Monday, February 18, 2008

breaking through language barriers

I am, as is evident from my intermittent accent (you try saying Darryl without one!), from New Jersey. And I am, as is evident from my local tax rants, living in California. Here in Oakland, we revere the hip hop titans. We love us some R&B. It's no town without motown. And so on. So as a member of the white minority, I struggle like the rest to "do the uh oh" and other assorted gymnastic dance maneuvers.

Still, now and again, we find ourselves involved in the unforeseen no-harm-done cultural train wrecks of our otherness. Last night, I took a four-hour drive. The formula could cure anything: an engine with racing development widgets, an empty and open road (12am to 4am), and a fine soundtrack. It all made the passage of time celestial. Fog in the skies, doug firs and blue spruce blurring by me, I ricocheted around Sugarloaf Road and Idylwild, alongside the ice grass at Ocean Beach, and over the great Golden Gate. The world opened up, every sorrow fell to the wayside, and I decided, among other things, that human nature is inherently, by virtue of a biological need to survive, good.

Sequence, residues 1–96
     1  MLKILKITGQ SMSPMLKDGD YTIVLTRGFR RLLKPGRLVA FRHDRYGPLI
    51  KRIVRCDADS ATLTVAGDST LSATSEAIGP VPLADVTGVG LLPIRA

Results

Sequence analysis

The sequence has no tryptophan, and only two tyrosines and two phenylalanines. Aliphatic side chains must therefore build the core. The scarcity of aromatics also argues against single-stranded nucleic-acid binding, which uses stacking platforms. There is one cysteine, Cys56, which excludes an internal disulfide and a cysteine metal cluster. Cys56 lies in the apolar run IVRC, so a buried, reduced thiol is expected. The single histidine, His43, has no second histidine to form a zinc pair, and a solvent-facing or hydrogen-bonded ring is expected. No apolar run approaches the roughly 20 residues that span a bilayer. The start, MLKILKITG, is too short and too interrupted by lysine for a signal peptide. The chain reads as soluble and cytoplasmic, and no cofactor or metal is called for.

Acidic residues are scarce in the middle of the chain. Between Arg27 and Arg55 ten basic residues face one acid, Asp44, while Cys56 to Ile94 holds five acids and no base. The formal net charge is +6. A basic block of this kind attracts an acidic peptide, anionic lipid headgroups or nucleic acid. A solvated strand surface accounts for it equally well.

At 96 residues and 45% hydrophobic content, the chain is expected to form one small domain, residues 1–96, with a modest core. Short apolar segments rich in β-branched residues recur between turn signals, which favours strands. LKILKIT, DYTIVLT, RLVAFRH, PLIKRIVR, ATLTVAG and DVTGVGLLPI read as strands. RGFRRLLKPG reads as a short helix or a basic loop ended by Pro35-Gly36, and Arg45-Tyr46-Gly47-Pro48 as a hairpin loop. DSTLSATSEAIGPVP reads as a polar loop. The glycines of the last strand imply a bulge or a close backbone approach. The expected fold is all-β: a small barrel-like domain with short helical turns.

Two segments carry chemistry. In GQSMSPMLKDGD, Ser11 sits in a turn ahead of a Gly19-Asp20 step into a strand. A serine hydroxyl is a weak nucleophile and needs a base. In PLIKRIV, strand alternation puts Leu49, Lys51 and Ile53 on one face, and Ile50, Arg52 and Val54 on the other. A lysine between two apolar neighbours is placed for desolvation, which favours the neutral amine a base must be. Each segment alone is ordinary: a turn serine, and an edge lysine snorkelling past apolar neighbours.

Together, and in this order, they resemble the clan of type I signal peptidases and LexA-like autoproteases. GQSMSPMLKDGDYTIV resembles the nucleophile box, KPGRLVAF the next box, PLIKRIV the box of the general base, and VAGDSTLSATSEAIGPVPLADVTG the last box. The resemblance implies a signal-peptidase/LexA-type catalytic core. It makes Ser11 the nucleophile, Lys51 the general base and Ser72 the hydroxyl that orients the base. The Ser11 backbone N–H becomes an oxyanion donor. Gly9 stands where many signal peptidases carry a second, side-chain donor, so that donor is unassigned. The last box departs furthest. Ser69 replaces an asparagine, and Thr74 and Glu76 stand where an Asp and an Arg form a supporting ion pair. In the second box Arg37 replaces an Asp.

But that's a post for the philosophy boards. Here, I want to talk Beyonce. Among the soundtrack items was a song meant to be sexy, redemptive, inspirational. It is written for many different circumstances, a simple solution for women in long-term relationships that have since gone cold, for wronged women on the prowl, or for women who are alone and just want to feel sexy (yes!). Now I really want to be Oaklandish. I really want to feel this song. But when Beyonce says, "put your freakin' dress on," I, being from Jersey, receive it less as instruction to put on a dress that will facilitate my success on the dance floor than an exasperated imperative. Read: put your damn dress on already. Put the stupid dress on already. Do you see what is happening here?

In Jersey, freakin', alas, is not about hip gyrations. It is about someone who has had enough of your shenanigans and just wants you to get the flipping dress on already. So, despite an ipod chock full of liberation playlists, I could not help but replay that one song like a toddler watching Telletubbies. Again, again, again, Beyonce made me laugh with unwitting Jersey impertinence. It is this goofiness that makes life good, that allows me to drive outside my life.

"Put your freekum dress on," she says.

Okay, fine! It's on. Now what's next?